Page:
Friday, February 22, 2008

Ruby, Perl, and Python medical autocoding

The other day, I created a very large web page that included 20,000 PubMed abstracts and the autocoded output for each.

The web page was apparently too large for some people to view, so I cut it down to show about 10,000 autocoded samples, along with the code for the autocoder in Ruby, Perl and Python. It is all available at:

For anyone unfamiliar with medical autocoding, a medical autocoder is a software program capable of parsing large collections of medical records (e.g. radiology reports, surgical pathology reports, autopsy reports, admission notes, discharge notes, operating room notes, medical administrative emails, memoranda, manuscripts, etc.) and capturing the medical concepts contained in the text.

The term "autocoding" should be distinguished from "computer-assisted manual coding." Health care workers may use a software enhancement of their Hospital Information Systems to code a section of text as they enter reports into the computer system. Typically, candidate terms and term codes [from a medical nomenclature] are displayed on the same screen as the entered report. The person entering text is often given the option of editing the proffered codes. This process should not be confused with "autocoding" and is not equivalent to the fully automatic and large-scale coding required by biomedical informaticians.

Finding all the concepts in a corpus of text is a necessary and early step in all data mining efforts. The autocoded terms can be used individually as index terms for the document, on a record-by-record basis to produce a concept "signature" that is highly specific for each report, or collectively to relate the frequency of terms within records with the frequency of terms in the aggregate document.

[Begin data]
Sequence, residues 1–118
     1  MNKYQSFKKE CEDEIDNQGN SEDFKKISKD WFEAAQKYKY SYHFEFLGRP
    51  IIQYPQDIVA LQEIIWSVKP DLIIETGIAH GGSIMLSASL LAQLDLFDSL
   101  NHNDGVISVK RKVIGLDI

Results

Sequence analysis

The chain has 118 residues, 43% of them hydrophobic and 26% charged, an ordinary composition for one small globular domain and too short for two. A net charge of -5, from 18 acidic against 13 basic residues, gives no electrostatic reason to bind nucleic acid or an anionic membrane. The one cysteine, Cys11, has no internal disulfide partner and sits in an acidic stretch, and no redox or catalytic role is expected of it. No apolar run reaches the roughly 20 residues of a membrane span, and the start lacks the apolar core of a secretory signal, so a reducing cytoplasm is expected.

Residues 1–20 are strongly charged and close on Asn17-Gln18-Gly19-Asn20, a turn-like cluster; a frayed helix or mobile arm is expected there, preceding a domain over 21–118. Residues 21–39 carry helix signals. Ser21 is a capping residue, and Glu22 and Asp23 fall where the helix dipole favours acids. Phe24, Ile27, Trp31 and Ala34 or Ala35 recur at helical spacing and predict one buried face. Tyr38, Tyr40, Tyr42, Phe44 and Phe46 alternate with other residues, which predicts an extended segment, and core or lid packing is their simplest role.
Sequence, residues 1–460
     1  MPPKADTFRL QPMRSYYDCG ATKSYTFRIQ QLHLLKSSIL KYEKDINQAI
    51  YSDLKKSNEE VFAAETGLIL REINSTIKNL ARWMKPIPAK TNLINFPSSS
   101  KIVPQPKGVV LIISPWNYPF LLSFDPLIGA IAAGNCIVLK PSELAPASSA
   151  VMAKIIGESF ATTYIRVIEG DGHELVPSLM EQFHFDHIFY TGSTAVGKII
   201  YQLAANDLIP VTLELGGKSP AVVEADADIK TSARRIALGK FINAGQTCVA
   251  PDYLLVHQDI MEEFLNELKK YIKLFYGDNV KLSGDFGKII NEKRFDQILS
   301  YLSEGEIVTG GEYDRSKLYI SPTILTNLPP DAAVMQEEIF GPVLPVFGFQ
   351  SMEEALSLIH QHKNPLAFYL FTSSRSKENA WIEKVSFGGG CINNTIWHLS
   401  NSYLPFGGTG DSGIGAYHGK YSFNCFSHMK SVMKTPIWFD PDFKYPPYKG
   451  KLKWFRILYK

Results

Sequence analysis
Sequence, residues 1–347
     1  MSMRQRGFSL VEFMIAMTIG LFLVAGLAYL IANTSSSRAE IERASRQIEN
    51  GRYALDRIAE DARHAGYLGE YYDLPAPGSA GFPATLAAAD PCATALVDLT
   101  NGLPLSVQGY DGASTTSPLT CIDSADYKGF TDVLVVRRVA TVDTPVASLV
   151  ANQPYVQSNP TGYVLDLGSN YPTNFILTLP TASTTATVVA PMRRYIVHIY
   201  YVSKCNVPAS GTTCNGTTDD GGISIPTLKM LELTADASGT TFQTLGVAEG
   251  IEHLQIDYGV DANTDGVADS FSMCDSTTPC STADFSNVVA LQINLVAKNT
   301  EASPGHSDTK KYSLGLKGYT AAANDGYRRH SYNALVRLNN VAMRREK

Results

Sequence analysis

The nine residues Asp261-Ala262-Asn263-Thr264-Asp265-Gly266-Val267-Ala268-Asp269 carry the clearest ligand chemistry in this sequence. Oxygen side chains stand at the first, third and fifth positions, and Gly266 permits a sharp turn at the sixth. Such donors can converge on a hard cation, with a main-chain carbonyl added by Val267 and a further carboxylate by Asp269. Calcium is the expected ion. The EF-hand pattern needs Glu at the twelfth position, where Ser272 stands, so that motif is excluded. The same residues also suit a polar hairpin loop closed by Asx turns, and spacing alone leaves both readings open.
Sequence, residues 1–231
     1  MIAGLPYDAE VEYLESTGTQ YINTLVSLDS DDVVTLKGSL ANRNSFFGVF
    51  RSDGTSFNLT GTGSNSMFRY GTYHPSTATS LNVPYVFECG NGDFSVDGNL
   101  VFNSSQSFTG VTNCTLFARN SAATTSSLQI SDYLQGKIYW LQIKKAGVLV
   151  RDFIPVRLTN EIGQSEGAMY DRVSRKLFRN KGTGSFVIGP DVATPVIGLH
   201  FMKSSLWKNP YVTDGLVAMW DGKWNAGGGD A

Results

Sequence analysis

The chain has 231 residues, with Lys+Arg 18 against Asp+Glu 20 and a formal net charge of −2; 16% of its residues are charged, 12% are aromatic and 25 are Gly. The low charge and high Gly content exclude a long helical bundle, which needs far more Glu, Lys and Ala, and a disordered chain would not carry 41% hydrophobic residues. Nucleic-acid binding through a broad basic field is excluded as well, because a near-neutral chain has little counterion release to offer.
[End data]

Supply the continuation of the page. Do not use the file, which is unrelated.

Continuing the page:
The simple autocoder provided (in Perl, Python, and Ruby programming languages) is fast (about 100 kilobytes of text per second) and nearly perfect. You can check the output yourself for accuracy (in neoplasm terms extracted and coded). A minor modification of the scripts will accommodate any nomenclature for which terms are assigned concept-code numbers.

- Jules Berman

key words: medical software, nomenclature, medical datamining, perl programming, ruby programming, python programming, biomedical informatics, medical informatics, autcoding, autocoder, medical autocoding
Science is not a collection of facts. Science is what facts teach us; what we can learn about our universe, and ourselves, by deductive thinking. From observations of the night sky, made without the aid of telescopes, we can deduce that the universe is expanding, that the universe is not infinitely old, and why black holes exist. Without resorting to experimentation or mathematical analysis, we can deduce that gravity is a curvature in space-time, that the particles that compose light have no mass, that there is a theoretical limit to the number of different elements in the universe, and that the earth is billions of years old. Likewise, simple observations on animals tell us much about the migration of continents, the evolutionary relationships among classes of animals, why the nuclei of cells contain our genetic material, why certain animals are long-lived, why the gestation period of humans is 9 months, and why some diseases are rare and other diseases are common. In “Armchair Science”, the reader is confronted with 129 scientific mysteries, in cosmology, particle physics, chemistry, biology, and medicine. Beginning with simple observations, step-by-step analyses guide the reader toward solutions that are sometimes startling, and always entertaining. “Armchair Science” is written for general readers who are curious about science, and who want to sharpen their deductive skills.